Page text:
Dell was at the very centre of one of the biggest tech sagas of the year, as company founder Michael Dell battled bitterly with billionaire business mogul Carl Icahn for control of the organisation. "Very often the founder of the company should not be running it later when it matures," said Icahn this summer, bringing what should have been a professional battle into the personal arena. "[The Dell board] should have held [Michael Dell] accountable years ago."
Despite these cutting words, Mr Dell won out, taking the company private in a $24.9 billion (£15.8 billion) piece of business. And, after seeing him at Technology Camp in October, it is clear that Mr Dell has been reinvigorated by the move. "We now have the ability to be as aggressive as we want to be," said the smiling businessman, adding that his company is free again and will no longer be held back by "the affliction of short-term thinking."
NSA and GCHQ
I, like the majority of the sane world, believe that what the National Security Agency and Government Communications Headquarters have done - and continue to do - is illegal, disgraceful and terrifying. Edward Snowden's well-documented series of incredible leaks exposed PRISM, the biggest spying programme of all time, this summer and technology firms and consumers the world over were disgusted by what they read. Inventor of the world wide web and tech royalty Sir Tim Berners-Lee even proclaimed that such activities threatened to bring down democracy itself.
However, despite this universal furore, President Barack Obama and Prime Minister David Cameron have effectively told the public to turn the other cheek and pretend that none of this is actually happening. While the US government has relied on fear-mongering and nationalism, generously waving around the famous old terrorism card, Cameron has employed good old-fashioned legal threats and brute force.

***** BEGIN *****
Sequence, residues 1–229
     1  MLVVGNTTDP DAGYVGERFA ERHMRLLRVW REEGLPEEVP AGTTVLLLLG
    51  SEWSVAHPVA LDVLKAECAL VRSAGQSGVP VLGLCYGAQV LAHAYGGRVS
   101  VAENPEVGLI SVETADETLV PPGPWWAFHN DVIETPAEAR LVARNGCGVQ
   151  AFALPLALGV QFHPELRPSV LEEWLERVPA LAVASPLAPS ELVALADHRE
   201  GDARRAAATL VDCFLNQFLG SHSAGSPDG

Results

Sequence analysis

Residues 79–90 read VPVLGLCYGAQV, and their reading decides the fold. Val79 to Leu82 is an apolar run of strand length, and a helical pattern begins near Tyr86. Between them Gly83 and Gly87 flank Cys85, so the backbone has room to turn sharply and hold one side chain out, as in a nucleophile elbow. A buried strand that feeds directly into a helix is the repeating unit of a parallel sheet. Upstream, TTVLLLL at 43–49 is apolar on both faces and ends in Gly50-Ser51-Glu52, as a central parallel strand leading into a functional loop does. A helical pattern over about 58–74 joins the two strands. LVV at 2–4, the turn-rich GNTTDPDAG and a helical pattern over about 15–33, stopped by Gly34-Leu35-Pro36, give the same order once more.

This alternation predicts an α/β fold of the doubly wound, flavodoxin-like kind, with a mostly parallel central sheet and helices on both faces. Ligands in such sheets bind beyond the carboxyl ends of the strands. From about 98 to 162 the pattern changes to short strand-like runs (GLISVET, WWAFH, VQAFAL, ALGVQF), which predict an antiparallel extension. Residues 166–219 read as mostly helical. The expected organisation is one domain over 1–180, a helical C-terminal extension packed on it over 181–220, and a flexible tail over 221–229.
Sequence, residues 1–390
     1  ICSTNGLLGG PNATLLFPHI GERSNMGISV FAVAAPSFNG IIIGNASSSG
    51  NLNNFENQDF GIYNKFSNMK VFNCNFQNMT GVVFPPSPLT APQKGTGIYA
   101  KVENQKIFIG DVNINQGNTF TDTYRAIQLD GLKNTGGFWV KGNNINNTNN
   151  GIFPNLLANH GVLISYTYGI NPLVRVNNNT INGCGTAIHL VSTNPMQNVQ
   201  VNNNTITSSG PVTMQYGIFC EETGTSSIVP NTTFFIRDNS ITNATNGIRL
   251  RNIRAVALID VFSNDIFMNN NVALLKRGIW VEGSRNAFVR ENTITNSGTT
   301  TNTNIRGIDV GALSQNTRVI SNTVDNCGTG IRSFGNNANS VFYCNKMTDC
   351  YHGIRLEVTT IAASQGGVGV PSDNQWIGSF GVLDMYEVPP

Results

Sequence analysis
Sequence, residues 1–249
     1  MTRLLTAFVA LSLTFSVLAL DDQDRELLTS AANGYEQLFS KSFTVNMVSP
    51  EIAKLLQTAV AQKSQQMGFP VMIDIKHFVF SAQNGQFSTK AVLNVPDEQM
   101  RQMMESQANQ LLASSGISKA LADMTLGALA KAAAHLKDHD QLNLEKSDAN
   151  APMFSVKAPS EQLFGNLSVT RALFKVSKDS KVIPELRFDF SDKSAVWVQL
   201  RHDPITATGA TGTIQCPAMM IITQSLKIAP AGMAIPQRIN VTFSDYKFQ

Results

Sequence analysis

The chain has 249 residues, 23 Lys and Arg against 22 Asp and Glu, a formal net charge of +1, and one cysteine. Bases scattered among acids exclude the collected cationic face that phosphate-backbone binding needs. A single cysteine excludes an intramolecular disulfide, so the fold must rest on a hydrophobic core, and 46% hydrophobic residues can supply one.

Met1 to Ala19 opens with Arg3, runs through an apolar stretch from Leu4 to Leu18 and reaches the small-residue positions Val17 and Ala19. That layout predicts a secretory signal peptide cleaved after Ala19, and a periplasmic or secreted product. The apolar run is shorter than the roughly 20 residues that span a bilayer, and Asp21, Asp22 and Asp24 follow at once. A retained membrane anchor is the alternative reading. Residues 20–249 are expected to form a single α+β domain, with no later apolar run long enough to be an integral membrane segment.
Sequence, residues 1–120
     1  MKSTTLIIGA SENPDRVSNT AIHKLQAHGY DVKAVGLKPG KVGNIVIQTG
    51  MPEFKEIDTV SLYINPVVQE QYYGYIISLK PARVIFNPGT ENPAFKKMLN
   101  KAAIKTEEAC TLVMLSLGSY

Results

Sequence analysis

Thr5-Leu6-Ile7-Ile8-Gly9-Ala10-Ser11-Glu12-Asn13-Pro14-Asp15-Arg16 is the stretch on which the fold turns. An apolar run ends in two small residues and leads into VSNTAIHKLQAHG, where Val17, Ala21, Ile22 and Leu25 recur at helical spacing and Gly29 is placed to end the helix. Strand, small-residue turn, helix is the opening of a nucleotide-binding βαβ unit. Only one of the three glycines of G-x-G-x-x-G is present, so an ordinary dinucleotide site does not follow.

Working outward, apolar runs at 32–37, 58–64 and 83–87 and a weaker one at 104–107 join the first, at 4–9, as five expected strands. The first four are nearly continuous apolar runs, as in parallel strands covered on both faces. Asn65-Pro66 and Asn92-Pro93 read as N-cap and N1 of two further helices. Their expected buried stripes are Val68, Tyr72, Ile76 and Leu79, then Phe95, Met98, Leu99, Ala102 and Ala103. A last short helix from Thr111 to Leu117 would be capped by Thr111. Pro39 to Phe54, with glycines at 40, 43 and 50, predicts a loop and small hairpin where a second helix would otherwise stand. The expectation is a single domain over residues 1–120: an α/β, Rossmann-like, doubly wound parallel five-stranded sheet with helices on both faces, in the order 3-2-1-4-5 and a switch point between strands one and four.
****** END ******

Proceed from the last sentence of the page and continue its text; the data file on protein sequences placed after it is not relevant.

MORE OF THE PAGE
As things stand, the truth-telling Snowden has been branded a traitor, millions of honest people all over the globe have been made painfully aware of a data theft circle they are powerless to stop, while the biggest, apparently civilised, superpowers on earth have pledged their ongoing support to one of the largest illegal schemes in history. We are not the winners here.
For years and years, the search giant has played second fiddle to Google, but 2013 has been a completely different story. In July, Marissa Mayer celebrated a year at the helm of the company, but that has not been the only occasion for fireworks. Mayer has fuelled Yahoo's rise with acquisition after acquisition - including the purchase of Tumblr for $1.1 billion (£724 million) - and the strategy seems to have payed off.
In August, Yahoo was named the top US web property for the first time since 2011, beating away fierce competition from the likes of Facebook, Microsoft and, of course Google. It now has 800 million monthly active users, which represents a 20 per cent increase from when Mayer first took over. Add a brand new logo to these successes and it's easy to see why Mayer calls the company a "new, super-charged Yahoo." However, the recent Mail outage will undoubtedly leave a bitter taste in the mouth.